Mental Health in Construction: Let’s Talk About It

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There’s a number out there that is pretty remarkable: 65% of construction workers that took their own life sought some sort of medical help within one month prior to the event.

As we near the end of Men’s Mental Health Month—recognized every year in the month of June—suicide rates among construction workers are at an alarming level. According to the Center for Disease Control (CDC), an estimated 6,000 construction workers died by suicide in 2022. In fact, the CDC found that men working in construction have one of the highest suicide rates by population: their rate of suicide is about four times higher than the general population and is the second-highest rate of all workplace industries at 45 per 100,000.

JobSiteCare, Dan Carlin, mental health, jobsite safety, mental health in construction, plumbing, heating and cooling

But why is the suicide rate so much higher in construction than other professions? Fact is, construction is an at-risk population for suicide. “Construction is a perfect storm for a predisposition for depression and suicide,” says Dr. Dan Carlin, MD, Founder and CEO of World Clinic / JobSiteCare, a resource to create safe workplaces and deliver great healthcare on the job.

Mental health is no different than, say, heart disease or diabetes. It is a dissolution of brain tissue. “If you are thinking of killing yourself, your brain is not working in a healthy manner,” says Carlin.

Crescendos and Dislocations

So, throw it back to that stat thrown out at the beginning of this article: Is there any relevance to that, you ask? Well, yes. A connection can be made between injury and suicide. Construction jobs in general can be tough on the body, and for those injuries that happened as a direct result of the work, individuals tend to self-medicate for the chronic pain. And, that can come in the form of prescribed drugs, illicit drugs (opiates, for example) and alcohol. But as the medication wears off, withdrawal sets in and the brain becomes vulnerable, with bad feelings magnified.

“Self-reliance and stoicism form a unique crescendo,” says Carlin. And men, more than women, fall into these characteristics. Especially in a male-dominated industry such as construction, the psychosocial aspect sees men focusing on things, whereas women tend to concentrate on people. Men are programmed to just shake things off in the face of adversity; address challenges in a more stoic nature. “Women are much more aware with other people than men.” says Carlin. “Men normally don’t look to others to talk. Men are more mission-focused—get the job done, on time.”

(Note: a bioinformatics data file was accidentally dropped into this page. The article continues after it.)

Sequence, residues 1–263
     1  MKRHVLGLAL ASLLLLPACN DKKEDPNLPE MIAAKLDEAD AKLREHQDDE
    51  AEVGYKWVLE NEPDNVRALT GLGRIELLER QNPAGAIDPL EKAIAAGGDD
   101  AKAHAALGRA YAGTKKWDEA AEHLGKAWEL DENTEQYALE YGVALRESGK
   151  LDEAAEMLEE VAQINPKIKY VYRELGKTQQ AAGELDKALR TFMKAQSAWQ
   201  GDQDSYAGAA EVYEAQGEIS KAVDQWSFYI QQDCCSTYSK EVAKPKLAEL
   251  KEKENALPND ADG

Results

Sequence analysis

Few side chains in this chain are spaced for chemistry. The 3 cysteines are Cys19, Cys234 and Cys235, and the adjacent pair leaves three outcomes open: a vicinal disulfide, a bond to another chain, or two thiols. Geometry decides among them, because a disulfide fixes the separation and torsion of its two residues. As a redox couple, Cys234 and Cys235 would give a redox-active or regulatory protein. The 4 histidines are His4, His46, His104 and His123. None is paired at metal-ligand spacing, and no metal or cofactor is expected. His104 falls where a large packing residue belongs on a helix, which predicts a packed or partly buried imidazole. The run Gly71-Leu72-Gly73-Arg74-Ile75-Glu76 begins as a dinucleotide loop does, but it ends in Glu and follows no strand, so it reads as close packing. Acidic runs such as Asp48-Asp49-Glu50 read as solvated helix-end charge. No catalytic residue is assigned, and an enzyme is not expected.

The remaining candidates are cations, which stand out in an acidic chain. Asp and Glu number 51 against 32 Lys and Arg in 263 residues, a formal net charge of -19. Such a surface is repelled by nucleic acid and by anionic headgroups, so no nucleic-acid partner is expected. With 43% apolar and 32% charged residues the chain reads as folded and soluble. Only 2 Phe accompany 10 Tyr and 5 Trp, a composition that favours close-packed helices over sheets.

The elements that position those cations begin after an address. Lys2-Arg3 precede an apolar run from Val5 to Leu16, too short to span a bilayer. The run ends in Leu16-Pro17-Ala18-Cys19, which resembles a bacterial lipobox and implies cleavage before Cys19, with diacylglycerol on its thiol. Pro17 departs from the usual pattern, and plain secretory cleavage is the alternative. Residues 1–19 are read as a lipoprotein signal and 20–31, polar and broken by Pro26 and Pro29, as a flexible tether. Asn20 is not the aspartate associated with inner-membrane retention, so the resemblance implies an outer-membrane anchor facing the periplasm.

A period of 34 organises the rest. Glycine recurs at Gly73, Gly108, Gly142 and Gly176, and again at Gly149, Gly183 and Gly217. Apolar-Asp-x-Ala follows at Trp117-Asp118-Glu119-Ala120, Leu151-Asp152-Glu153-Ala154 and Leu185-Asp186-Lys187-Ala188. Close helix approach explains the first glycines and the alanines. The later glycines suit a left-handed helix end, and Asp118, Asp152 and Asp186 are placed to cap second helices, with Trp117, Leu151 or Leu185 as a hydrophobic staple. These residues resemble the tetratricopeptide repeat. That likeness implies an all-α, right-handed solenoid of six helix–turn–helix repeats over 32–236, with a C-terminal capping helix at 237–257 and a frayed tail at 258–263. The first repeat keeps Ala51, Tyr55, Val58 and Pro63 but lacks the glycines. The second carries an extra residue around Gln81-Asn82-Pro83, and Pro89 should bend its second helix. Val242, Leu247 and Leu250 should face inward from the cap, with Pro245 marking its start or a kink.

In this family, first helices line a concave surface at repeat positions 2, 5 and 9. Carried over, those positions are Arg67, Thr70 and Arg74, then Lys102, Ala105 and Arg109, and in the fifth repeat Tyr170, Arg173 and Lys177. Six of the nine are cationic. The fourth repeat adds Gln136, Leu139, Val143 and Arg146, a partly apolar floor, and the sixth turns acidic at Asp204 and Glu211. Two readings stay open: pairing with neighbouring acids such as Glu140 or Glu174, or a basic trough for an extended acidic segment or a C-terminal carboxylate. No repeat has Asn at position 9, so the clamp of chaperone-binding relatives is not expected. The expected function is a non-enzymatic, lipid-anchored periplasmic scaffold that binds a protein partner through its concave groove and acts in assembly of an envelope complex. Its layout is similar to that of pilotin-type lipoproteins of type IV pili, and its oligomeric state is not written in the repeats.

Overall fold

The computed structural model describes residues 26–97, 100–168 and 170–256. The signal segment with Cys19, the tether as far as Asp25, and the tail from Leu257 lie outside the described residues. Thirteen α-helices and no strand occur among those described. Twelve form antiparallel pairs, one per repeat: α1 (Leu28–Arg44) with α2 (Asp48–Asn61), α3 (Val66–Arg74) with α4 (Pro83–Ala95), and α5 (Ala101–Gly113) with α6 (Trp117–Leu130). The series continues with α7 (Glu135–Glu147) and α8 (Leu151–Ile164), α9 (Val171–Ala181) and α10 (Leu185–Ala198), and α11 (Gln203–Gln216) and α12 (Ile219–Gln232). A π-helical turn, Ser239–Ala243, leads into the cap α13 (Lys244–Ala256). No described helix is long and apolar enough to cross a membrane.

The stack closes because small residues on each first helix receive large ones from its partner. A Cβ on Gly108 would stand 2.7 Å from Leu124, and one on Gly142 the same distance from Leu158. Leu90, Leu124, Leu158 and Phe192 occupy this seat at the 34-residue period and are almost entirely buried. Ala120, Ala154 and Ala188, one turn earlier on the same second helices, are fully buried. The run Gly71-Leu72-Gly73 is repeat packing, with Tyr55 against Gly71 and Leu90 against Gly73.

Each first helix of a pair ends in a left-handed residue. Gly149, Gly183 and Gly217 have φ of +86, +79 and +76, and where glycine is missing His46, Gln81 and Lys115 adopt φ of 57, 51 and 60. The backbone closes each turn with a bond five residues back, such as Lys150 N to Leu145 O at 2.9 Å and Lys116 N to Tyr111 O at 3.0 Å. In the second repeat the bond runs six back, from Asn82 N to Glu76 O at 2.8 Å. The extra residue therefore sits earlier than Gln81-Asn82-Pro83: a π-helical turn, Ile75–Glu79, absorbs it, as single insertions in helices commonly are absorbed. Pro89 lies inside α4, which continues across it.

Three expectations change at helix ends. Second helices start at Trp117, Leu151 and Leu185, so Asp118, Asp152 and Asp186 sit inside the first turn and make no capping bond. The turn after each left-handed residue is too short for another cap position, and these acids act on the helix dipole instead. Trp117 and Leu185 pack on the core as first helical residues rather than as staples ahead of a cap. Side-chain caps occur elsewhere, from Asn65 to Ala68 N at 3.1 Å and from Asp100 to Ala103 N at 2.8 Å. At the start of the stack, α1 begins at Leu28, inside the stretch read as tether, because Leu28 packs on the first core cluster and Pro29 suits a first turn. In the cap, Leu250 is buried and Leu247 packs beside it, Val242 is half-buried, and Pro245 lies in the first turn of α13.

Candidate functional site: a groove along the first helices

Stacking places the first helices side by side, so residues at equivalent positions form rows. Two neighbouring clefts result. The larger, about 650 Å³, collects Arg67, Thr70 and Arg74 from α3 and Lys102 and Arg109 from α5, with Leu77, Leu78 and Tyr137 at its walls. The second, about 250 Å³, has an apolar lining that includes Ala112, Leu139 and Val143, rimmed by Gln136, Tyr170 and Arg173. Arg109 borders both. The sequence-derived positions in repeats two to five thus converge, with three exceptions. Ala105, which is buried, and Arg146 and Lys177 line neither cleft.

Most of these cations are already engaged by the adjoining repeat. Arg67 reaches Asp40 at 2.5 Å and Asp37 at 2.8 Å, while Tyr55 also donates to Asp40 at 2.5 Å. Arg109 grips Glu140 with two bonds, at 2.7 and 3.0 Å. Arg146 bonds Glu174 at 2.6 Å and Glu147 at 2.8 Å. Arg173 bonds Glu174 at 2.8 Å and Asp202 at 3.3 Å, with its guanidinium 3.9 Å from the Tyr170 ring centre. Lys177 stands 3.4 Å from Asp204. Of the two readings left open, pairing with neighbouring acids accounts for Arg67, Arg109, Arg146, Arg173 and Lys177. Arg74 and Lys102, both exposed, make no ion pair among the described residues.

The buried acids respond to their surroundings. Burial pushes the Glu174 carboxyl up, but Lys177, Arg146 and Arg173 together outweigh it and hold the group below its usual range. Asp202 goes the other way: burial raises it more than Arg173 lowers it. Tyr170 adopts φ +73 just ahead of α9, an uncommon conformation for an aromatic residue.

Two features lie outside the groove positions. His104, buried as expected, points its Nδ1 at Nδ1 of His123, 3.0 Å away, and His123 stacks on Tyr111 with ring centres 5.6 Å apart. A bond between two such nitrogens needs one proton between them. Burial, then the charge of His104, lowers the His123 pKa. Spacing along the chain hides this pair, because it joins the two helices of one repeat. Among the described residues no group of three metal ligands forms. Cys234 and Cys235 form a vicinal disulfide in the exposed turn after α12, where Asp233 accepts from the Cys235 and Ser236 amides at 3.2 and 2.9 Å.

JobSiteCare, Dan Carlin, mental health, jobsite safety, mental health in construction, plumbing, heating and cooling

Often is the case in construction, one works long, rigorous hours, and often times away from family for long stretches of time. New projects arise and those old jobs come to an end—or one leaves one job for another that pays 20% more but loses that support network, which creates physical dislocations, says Carlin, and that usual social network goes away, resulting in less contact with family. Because the work dynamic has changed, this can lead to a dislocation to the family network, which can lead to friction and a sense of heightened vulnerability.

And let’s not forget COVID. “COVID was a tremendous paradox that has driven a lot of this due to social isolation, leading to depression and anxiety,” says Carlin.

Social Acceptance

Are we at a place in time where men in particular are more comfortable talking about mental health? It’s getting to a level of acceptance. “We’ve made a lot of progress but we aren’t all the way there yet. It’s not a sign of weakness. We need to be strong to share enough and aware enough to ask,” says Carlin.

Thomas Young, TY Custom Builders and Motherflushers Plumbing, agrees, saying, “I definitely think it’s more acceptable to talk about it. I think the people that are open about their issues or some of the people that are probably the ones that are dealing with it more than anybody. It shouldn’t be ‘hey, I’m an adult or I’m a man and I’m gonna deal with this on my own.’”

Easier said than done, some of the ways to reduce stress and damaging brain tissue is to cut back, be it work hours or substance abuse. Steps to increase brain health include exercise—which helps relieve stress, burning off anxiety—eating well and having a rhythmic day.

“When I’m overworked/stressed, I will just unplug, perhaps binge watch a show, and reach out to someone that helps bring peace,” says Young.

And that reaching out could include social media. “Social media has helped me create great friends,” says Young. “I have friends that live in different countries and will reach out, which can mean a lot.”

But, as we all know, social media, while supportive in so many ways, can have its negative rabbit holes. “With hateful comments and bullying, it was something that bothered me a lot in the beginning and I’d delete right away, but most the time,” says Young, “I can laugh it off or even engage back and it can help engagement.”

There is no one-size-fits-all solution to this. According to Carlin, “The nature of the cure starts at a community level where we need the confidence to ask, ‘how are you doing?’” Carlin says it’s important to establish relationships, and find an opportunity to talk about mental health when the time is right. “We can all learn to be a better listener and share stories about problems we all have as a community. We need to come to an awareness that the solution is us,” says Carlin.